The Saks OFF 5th building located in downtown Santa Barbara was recently sold to an unnamed, out-of-area investor for more than $15 million.
The 47,000-square-foot property is located on the corner of State and Carrillo streets. As Saks Fifth Avenue, the building had been a centerpiece of high-end shopping in downtown Santa Barbara until its parent company Hudson’s Bay decided to convert it to an outlet, Saks OFF 5th, in October.
The seller, State Street Properties, said that the sale had to do with estate management and removing items from the family trust. Whether an outlet or not, the Saks building is still a major property in downtown Santa Barbara. But some real estate observers say that State Street never would have let go of the location if Hudson’s Bay not converted it into an outlet Saks OFF 5th.
State Street Properties certainly got a good deal for the corner location: according to property records, the Saks building was assessed at a value of $7.45 million in 2015. Whoever bought the property paid a premium.
Hudson’s Bay, for its part, also made a smart move by converting the Saks Fifth Avenue into a Saks OFF Fifth. Between November 2014 and October 2015, sales from its Saks Fifth Avenue brand decreased by 3.6 percent while sales from the Saks OFF Fifth outlet brand increased by 2.8 percent. Total sales for the retailer from all of its brands increased by 34.1% during the same period, amounting to a $653 million increase.
The decision by Hudson’s Bay to convert the Saks Fifth Avenue into a Saks OFF Fifth is part of a larger trend toward outlet stores and large national chains over local and regional storefronts.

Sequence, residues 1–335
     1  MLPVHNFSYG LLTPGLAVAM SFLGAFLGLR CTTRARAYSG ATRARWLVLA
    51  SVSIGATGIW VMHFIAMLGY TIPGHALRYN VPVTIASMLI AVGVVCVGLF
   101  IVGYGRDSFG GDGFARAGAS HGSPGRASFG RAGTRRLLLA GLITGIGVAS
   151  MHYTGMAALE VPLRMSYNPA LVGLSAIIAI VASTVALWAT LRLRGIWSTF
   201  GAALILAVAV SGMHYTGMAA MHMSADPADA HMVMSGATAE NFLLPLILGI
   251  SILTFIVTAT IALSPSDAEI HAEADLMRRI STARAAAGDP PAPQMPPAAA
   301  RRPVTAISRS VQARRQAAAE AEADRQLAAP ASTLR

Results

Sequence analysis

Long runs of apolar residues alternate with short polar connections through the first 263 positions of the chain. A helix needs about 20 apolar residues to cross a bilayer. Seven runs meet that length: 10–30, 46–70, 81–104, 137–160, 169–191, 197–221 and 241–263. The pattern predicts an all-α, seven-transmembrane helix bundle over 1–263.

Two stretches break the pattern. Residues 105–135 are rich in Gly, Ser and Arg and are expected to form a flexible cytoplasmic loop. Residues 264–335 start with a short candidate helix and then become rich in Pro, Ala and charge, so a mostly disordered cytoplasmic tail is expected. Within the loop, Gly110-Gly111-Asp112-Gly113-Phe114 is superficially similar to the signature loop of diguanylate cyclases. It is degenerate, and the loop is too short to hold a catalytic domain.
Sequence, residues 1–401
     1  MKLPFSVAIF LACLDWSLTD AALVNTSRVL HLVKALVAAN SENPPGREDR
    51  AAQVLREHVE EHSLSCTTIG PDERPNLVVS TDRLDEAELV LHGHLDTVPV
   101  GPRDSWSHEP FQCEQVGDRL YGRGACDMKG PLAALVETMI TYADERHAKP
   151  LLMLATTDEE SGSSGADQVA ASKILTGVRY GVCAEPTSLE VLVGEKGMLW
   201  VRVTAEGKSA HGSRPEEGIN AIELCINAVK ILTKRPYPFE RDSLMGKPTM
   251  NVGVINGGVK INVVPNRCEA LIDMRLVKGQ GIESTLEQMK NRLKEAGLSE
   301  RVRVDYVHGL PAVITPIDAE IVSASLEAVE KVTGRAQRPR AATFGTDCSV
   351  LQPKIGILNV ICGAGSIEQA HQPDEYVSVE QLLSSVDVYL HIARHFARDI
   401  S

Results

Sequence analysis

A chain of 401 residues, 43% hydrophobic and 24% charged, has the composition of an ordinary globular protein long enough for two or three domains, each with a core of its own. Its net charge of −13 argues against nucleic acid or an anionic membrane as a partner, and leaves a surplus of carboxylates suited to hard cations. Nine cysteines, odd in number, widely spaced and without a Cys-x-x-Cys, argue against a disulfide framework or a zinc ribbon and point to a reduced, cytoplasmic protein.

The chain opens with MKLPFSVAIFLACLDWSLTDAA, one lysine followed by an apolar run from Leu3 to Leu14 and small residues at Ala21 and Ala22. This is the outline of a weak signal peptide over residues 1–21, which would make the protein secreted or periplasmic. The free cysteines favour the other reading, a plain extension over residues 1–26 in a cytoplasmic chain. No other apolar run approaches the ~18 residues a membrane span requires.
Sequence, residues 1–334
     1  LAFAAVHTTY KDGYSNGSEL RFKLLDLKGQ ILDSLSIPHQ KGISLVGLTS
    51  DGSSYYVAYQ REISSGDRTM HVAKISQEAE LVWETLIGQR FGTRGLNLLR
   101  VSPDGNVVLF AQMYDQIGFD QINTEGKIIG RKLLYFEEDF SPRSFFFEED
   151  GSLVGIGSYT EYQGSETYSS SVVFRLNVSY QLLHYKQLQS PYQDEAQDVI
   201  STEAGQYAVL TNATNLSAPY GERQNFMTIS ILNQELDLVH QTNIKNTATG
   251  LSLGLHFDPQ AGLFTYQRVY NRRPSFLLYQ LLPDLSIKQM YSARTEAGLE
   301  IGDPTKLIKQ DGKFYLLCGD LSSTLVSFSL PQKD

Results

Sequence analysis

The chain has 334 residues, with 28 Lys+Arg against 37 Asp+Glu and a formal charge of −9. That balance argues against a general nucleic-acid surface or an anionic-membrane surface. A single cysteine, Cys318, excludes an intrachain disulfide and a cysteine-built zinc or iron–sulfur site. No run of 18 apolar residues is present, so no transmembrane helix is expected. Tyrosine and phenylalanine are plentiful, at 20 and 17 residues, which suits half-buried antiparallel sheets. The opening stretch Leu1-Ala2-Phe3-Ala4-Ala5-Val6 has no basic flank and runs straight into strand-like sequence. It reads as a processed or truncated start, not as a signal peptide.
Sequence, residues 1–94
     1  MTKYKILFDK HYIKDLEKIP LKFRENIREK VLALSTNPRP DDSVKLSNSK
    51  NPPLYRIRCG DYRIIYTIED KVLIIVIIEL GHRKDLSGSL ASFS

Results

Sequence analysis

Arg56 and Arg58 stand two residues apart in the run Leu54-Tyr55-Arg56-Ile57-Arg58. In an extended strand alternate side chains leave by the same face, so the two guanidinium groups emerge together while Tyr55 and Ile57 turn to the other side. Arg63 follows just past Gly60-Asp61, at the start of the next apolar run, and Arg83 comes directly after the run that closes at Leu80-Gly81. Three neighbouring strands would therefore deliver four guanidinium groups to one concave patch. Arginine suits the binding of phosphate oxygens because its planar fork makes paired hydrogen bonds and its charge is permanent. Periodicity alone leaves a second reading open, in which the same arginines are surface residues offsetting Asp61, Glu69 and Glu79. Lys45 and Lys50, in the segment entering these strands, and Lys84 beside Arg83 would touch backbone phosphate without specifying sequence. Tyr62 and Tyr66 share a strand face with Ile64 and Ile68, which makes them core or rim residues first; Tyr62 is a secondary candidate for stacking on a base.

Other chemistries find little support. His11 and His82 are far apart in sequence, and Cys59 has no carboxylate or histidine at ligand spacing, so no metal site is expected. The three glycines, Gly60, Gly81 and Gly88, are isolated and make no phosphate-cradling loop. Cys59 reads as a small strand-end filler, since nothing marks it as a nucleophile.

Hudson’s Bay is not the only high-end retailer that is converting its Santa Barbara locations into outlets. Coach recently converted its State Street location into an outlet.
Marshalls and H&M recently took over storefronts formerly operated by Borders Books and Barnes & Noble, respectively. In the case of bookstores, the internet is certainly to blame for the changing retail landscape of downtown Santa Barbara. Rents are rising, driving out smaller players with lower margins, and vacancy is on the rise.
A study by the Seattle-based consulting firm Downtown Works commissioned by Santa Barbara’s Downtown Organization noted that the city’s downtown is losing some of its vibrancy.
The study warns that Saks and Coach turning over full-line stores to the discount versions is a sign of weak sales, and could be a precursor to them leaving the market altogether. The current retail market has many shoppers reluctant to spend, putting stores in between falling sales and increasing rents.
Business owners are putting their hopes for downtown Santa Barbara in the upcoming La Entrada hotel located in the former Californian on lower State Street and the continuing expansion of Santa Barabara’s own hipster enclave, the Funk Zone, to draw more foot traffic to the downtown area.
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(all data current as of 5/25/2017)
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